In the wake of yesterday’s terrible Paris attacks, will France turn to NATO or the UN Security Council for support? In the immediate aftermath of the September 11 attacks, those were the two most significant international organizations to react. France has incentives to turn to both, though its situation right now is dissimilar in important ways from the U.S. situation 14 years ago.

Consider first NATO. As NATO’s former Supreme Allied Commander in Europe James Stavridis reminds us, the September 11 attacks prompted NATO to invoke Article V of the Treaty, which states that “[a]n armed attack against one or more of [the Parties] in Europe or North America shall be considered an attack against them all and consequently they agree that, if such an armed attack occurs, each of them, in exercise of the right of individual or collective self-defence recognised by Article 51 of the Charter of the United Nations, will assist the Party or Parties so attacked.” Invoking this article was significant because the author of the September 11 attacks was a non-state actor. After confirming that the September 11 attacks had originated from abroad, the North Atlantic Council determined to treat the attacks as covered by Article V.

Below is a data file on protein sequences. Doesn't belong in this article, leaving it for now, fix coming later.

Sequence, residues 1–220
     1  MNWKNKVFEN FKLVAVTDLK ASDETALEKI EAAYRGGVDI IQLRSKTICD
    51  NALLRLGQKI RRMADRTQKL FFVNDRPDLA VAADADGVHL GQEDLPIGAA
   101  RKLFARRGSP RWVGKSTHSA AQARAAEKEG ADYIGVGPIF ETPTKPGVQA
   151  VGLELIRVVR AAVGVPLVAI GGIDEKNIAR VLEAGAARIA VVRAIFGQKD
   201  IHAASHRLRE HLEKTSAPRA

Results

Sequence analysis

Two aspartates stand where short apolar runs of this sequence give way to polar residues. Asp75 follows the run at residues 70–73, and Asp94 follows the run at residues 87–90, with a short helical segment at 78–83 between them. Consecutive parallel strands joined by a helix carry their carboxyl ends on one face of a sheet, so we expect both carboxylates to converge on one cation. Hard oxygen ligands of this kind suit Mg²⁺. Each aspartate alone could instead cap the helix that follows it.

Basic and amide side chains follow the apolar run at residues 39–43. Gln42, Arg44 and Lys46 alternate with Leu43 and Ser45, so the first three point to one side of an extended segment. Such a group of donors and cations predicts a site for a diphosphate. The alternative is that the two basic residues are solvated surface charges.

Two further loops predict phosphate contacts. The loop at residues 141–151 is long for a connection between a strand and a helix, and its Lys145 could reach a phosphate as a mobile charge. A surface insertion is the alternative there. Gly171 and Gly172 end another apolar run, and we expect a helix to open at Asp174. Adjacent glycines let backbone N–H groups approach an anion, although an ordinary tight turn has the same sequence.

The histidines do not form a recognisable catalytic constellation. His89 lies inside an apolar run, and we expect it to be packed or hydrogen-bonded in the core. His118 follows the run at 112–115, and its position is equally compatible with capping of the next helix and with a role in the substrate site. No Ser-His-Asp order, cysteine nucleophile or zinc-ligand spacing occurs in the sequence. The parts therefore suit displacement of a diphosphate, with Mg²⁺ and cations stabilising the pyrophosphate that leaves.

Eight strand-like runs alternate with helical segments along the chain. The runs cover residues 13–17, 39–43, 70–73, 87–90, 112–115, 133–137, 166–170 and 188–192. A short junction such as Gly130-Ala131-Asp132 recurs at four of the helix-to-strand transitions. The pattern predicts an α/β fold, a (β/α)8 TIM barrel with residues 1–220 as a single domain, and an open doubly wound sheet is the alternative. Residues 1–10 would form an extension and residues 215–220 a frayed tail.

Ashley S. Deeks, Will France Turn to International Institutions in Response to the Attacks?, Lawfare (November 14, 2015).